Anchor damage ready for primer

When I came back next I discovered the limitations of PeelPly. I had considered just using plastic between the wood backing plate and the epoxy buildup. I should have.

The wooden plug was firmly fixed in place. If it had been in a more accessible location it would have been fairly easy to remove. It was not.

So, breaking out the “Wonder Tool", my Fein Multimaster I was able to cut and pry the plug out in small bits. Ultimately it was notas onerous a task as I had envisioned.

Bits and pieces.

PeelPly has limitations


Favorite tool deals with it

And since I had it ready I changed the blade and chopped off the wooden dowels I used to plug the old winch holes on the cabin top near the cockpit when filling them with epoxy.

Eh, no one will see it.

Cut off the bungs

After some sanding with the 6” Mirka DA and some of board filing I applied another skim coat of AwlFair.

Break out the heat lamp again.

Heat rays

Thursday, November 19, 2015

Filling and fairing never seems to end.

I awoke this morning to the sound of rain beating on our metal roof. There are times when it is a comforting tattoo that signifies a quiet day of coffee in bed, catching up on the goings-on the world (via the Internet...) and finding some small chores around the house to work on.

Not today.

I rolled out of bed early, put on boat-yard clothes, grabbed some breakfast, checked the NYT and then started to load the yard-truck with the required tools for the day's effort. I did a quick run down the street to check in with George Butler to make sure the skiff was covered and dry. Check.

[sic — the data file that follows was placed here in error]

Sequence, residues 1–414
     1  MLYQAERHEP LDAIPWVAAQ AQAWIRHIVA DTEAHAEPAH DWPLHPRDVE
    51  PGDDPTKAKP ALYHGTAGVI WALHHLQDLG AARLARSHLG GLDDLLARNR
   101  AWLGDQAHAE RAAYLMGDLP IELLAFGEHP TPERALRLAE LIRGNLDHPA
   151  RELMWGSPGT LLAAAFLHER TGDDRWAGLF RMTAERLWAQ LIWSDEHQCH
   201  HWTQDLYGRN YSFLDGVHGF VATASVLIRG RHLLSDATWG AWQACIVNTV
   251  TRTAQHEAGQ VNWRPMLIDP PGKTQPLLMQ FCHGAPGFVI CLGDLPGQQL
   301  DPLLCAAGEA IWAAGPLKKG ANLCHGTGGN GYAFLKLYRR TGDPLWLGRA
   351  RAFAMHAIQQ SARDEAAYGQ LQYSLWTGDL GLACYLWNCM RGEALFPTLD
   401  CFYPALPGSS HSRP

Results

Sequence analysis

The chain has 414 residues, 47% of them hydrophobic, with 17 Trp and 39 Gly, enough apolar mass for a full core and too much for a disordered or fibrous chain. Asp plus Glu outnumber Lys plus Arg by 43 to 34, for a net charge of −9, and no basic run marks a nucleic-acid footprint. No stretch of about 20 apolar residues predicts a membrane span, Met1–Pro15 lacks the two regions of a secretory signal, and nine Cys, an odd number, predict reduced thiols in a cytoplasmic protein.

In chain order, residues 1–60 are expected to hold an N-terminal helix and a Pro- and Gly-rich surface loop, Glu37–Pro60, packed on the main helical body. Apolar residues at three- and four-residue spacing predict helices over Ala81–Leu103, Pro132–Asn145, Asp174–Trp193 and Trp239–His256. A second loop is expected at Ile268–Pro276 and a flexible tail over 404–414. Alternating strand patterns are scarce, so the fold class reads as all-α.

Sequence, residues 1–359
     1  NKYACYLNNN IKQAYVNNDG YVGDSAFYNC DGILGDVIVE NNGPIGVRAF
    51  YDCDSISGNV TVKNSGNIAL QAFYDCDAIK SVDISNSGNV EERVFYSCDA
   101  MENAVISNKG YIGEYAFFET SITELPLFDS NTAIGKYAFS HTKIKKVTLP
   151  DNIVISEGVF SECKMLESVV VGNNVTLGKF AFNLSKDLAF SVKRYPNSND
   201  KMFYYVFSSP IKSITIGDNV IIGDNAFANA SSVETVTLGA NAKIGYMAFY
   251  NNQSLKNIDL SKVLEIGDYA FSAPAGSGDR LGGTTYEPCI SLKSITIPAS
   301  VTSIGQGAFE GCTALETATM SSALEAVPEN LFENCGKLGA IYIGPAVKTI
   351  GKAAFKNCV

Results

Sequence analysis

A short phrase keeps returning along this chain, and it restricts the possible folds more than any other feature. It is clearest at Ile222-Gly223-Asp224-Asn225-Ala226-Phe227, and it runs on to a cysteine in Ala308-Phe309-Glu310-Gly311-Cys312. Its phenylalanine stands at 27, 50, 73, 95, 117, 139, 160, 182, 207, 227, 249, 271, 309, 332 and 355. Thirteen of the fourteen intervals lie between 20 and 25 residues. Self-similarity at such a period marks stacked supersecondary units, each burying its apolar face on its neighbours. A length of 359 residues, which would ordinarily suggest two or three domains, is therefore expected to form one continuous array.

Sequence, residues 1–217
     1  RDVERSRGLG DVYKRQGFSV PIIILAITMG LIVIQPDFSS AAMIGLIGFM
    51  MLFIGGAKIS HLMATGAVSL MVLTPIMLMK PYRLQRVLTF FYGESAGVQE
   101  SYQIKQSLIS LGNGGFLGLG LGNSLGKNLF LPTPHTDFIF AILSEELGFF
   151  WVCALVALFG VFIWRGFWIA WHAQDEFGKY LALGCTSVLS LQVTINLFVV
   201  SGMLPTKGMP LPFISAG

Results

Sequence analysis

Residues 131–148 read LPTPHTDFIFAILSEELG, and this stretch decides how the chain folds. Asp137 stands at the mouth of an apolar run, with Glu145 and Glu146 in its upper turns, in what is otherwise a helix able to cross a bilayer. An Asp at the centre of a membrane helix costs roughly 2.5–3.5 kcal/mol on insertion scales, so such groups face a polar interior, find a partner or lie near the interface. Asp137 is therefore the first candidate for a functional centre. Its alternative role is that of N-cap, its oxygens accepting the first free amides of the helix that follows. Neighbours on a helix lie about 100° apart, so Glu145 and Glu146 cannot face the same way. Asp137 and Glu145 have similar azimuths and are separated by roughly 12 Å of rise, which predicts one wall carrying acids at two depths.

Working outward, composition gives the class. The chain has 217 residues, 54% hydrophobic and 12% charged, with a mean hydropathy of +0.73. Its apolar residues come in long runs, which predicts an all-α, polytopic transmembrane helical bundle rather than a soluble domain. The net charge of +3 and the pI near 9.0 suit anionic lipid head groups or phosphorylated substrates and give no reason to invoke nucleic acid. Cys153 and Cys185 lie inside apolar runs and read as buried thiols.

Next stop was “Ronin”. Despite being a dismal drizzly and rainy day the temperatures were in the mid-sixtes. I unloaded tools and set up the work table. The goal was to sand off more AwlFair compound, check for imperfections and continue on the iterative process of getting the decks ready for priming and painting.

Grey day.

DSC 0068

First thing was to identify those spots that needed sanding and more filler. I grabbed my new LED work light and went around the decks hand sanding the smaller spots. I had filled the hardware holes a few days earlier with West System epoxy and a little bit of micro-fiber filler. At the same time I worked some AwlFair into low areas and scratch marks.

Plugged and some fairing.

DSC 0034

Wooden dowels to stop the epoxy leaks.

DSC 0040

After that I spent some time working the board file on the cabin-top near the cockpit to get the area fair. Still not done yet but getting there.